Having people’s trust will help them buy in to the changes you want to make, but you still need to understand what levers to pull and buttons to push to create the change you want. This understanding may be grounded in deep experience and knowledge or it may be more intuitive and instinctive. In my younger years I didn’t really get the concept of a company vision and values, but I knew that if I hired the wrong person it could cause big problems down the road for the team.

As you gain more experience you will understand better how purpose, people, and processes all interact to create a workplace culture. A really good culture assassin can assess the state of these elements within an organization and knows which of them to target to make the kinds of change they want.

For example, maybe it’s implementing a new recruitment and selection process to bring people into the organization who are more aligned with the culture. Maybe it’s creating a new company value focused on “speed” and streamlining processes or removing bureaucratic red tape to get people operating faster. Like a ninja targeting the weak trigger points of a human body, a good culture assassin knows where to focus their time and attention.

#3: You have a deep curiosity and openness about workplace culture.

Much of the difference between a white hat and black hat assassin comes down to intention and execution. People trying to make changes to a workplace culture typically have good intentions. However, trouble arises if they’re ignorant or don’t really understand the current culture.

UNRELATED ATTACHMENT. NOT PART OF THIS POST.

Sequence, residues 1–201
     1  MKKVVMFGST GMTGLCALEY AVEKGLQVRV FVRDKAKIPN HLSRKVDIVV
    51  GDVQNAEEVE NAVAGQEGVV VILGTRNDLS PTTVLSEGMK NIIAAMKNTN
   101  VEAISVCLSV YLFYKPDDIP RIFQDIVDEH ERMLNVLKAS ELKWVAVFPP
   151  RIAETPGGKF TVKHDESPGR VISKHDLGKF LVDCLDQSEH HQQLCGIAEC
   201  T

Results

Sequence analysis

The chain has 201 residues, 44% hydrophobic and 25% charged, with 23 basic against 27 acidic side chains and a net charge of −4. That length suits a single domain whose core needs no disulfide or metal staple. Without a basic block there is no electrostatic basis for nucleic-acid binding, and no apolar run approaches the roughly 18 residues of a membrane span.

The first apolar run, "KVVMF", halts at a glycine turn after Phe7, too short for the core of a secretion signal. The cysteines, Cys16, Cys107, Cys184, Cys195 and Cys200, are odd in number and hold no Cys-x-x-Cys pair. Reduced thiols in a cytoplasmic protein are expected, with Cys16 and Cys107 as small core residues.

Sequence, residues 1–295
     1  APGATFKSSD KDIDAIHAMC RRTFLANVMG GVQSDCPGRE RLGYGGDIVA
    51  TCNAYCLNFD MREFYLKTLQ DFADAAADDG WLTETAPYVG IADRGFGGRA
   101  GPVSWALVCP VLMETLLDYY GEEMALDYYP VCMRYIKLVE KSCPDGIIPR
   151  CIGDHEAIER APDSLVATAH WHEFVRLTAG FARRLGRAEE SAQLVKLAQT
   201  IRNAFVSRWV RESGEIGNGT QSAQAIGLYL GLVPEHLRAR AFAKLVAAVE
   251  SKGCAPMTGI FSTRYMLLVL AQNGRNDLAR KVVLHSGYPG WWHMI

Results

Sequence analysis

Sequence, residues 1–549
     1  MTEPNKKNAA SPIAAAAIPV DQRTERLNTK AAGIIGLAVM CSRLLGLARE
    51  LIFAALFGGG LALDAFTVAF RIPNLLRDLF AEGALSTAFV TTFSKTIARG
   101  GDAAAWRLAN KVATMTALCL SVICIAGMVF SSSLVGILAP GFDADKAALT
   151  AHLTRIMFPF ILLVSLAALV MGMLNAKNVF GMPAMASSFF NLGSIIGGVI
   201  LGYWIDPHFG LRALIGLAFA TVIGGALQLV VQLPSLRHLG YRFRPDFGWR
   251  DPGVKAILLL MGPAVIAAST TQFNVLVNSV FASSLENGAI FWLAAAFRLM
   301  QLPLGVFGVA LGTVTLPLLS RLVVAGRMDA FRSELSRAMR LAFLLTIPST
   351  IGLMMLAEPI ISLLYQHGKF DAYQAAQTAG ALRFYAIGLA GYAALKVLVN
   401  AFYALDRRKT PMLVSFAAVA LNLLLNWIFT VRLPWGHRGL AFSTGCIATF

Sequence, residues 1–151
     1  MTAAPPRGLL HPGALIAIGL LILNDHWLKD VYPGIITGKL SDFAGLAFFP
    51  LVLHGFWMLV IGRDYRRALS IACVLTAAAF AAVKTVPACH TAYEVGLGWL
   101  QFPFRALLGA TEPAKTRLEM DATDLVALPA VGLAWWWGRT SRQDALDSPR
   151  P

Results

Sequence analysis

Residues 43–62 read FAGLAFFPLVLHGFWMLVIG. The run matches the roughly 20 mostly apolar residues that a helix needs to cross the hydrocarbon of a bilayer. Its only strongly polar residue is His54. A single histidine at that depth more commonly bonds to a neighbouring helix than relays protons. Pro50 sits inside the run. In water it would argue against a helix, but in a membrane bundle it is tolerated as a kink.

A new team leader may make the mistaken assumption that her team’s culture is poor because people keep to themselves, working silently in their cubicles with their headphones on. She may have no idea of the negative impact she has when she tries to force people to interact through more frequent meetings or team-building events.

In this case, she first needs to build trust with her team and gain a deeper understanding of the current team culture and its health. Many mergers and acquisitions have failed because the parent organization didn’t approach their newest acquisition with openness and curiosity. They didn’t try to really understand what the acquired company’s culture is like, how healthy it is, and what can they learn. To make positive cultural change you need to understand the current state of the culture. This requires deep and powerful questions, a willingness and ability to listen, and an open mind.